Today the Treatment Action Campaign added their voices to those calling on President Jacob Zuma to show “leadership and responsibility for himself”.
TAC distanced itself from the clamour against Zuma, saying in its newsletter: “We do not want to impose moral judgements on people, especially on their private matters. Many of the responses to the President’s actions have been hysterical and self-righteous.”
“But the president is not just any person. People look to him to set an example,” TAC stated.
“In a country without a serious HIV epidemic, it might be arguable that his extra-marital affairs are for him and his family alone to resolve. But South Africa has the world’s largest HIV epidemic.
“The President holds the highest office in South Africa and therefore there are high expectations of him, as a leader, as an elder and as a role model.”
“The theme for World AIDS Day 2009 was ‘I am responsible, We are responsible, South Africa is taking responsibility’, TAC recalled.
“The message encourages individuals to reduce their number of sexual partners, for men and women to take responsibility by protect themselves and others, and to encourage consistent and correct condom usage.”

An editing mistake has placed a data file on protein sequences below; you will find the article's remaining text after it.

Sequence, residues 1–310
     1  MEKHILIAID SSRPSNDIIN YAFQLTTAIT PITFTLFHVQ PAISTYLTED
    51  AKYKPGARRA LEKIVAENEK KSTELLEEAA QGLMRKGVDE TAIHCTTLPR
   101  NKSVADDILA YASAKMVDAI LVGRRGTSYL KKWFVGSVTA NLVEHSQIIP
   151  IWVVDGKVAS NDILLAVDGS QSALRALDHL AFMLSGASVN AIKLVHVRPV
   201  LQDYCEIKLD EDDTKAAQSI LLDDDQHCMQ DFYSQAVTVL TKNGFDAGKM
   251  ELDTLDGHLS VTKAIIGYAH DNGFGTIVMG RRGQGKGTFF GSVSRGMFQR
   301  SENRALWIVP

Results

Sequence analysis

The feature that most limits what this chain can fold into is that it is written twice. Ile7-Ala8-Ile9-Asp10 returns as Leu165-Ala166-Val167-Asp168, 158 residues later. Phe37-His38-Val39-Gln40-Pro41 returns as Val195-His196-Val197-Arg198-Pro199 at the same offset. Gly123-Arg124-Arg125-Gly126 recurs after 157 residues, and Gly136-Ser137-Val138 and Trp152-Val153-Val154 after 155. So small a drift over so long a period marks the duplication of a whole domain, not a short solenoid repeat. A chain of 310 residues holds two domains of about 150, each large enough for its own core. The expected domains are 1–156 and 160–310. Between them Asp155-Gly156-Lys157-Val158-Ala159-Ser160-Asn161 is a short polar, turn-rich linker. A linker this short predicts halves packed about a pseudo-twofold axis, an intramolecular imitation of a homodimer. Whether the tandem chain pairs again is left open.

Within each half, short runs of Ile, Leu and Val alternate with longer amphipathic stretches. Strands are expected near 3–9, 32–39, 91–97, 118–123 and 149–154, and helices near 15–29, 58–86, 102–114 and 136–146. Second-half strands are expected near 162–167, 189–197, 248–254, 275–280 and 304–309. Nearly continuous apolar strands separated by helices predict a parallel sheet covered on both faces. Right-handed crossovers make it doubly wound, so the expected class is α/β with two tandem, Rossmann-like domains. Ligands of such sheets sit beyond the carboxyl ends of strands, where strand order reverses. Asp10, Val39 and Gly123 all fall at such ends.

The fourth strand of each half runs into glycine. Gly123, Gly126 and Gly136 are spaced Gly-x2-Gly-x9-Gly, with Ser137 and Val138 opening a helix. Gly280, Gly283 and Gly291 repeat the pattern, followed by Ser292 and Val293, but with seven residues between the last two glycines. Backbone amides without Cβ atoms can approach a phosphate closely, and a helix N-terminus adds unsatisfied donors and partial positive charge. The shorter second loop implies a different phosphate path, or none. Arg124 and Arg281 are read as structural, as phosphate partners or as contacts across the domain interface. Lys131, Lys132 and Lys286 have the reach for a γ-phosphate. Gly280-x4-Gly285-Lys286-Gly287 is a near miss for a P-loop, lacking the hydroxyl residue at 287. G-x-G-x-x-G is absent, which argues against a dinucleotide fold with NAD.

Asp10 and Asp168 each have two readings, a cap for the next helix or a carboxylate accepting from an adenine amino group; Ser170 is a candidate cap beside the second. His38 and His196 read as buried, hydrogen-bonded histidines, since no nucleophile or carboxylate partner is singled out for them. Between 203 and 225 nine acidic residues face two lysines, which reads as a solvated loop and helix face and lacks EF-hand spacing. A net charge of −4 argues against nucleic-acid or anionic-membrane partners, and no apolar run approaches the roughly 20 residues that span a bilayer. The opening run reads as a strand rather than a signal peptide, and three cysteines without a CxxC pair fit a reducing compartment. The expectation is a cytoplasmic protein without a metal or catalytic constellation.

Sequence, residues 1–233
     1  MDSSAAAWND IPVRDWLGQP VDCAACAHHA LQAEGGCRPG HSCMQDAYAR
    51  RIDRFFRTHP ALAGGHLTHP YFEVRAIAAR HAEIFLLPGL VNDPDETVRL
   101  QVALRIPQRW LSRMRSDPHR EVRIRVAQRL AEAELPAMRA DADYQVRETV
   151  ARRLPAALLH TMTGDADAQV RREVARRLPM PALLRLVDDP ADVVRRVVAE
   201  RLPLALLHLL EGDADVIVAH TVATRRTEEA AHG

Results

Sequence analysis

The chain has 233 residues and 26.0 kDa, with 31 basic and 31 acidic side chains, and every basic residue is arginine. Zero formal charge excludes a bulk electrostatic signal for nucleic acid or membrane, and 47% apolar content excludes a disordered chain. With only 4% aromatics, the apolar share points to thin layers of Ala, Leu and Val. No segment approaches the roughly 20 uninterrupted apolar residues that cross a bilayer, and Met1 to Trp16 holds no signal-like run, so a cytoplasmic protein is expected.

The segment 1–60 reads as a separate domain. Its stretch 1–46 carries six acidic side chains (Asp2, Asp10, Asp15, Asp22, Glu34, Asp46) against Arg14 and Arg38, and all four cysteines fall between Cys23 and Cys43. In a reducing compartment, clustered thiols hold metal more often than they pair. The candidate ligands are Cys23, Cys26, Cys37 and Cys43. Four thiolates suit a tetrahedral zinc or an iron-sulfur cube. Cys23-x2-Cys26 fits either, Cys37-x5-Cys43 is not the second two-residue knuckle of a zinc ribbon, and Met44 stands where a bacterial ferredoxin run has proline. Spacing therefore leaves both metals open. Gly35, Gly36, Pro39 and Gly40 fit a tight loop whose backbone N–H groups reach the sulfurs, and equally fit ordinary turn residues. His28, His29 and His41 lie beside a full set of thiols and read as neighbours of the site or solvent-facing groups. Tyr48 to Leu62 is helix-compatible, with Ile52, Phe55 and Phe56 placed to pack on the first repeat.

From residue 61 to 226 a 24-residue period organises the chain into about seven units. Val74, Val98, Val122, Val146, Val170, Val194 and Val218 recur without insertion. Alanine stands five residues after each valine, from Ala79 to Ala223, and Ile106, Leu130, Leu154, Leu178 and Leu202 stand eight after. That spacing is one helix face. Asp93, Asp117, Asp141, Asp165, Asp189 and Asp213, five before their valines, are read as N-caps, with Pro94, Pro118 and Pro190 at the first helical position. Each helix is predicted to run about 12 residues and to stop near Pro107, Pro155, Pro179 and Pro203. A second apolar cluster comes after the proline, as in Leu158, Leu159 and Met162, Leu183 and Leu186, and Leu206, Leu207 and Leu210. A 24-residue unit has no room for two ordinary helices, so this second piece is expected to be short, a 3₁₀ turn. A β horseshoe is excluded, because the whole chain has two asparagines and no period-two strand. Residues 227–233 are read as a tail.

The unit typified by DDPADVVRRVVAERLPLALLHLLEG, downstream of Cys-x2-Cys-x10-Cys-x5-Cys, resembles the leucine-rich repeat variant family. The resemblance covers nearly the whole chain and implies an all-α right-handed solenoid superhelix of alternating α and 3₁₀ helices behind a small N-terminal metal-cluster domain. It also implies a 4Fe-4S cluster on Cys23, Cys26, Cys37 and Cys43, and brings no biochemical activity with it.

And this is the issue. How does Soul City – which is running creative HIV prevention campaigns – promote a “One Love” campaign when the man holding highest office has three wives and reportedly 20 children born out of wedlock.
“The president’s recent actions undermine all of who are really trying to meet the prevention target of reducing HIV transmission by 50%,” stated TAC.
“The message of responsibility – agreed upon by civil society and government – applies to all of us including our highest leaders.”
Zuma is right when he says South Africa needs to debate its “moral code”.
But he is mistaken if he thinks the criticism against him is in fact an attack on traditional culture.
He said that it was unconstitutional to use one own’s culture to judge others, adding: “Some of the traditions are being rubbished; called names, they’re backward; and we keep quiet.”
Mr President, this is not about what is culturally or morally acceptable. This debate is about what is acceptable presidential conduct in South Africa – a country with the highest numbers of people with HIV in the world.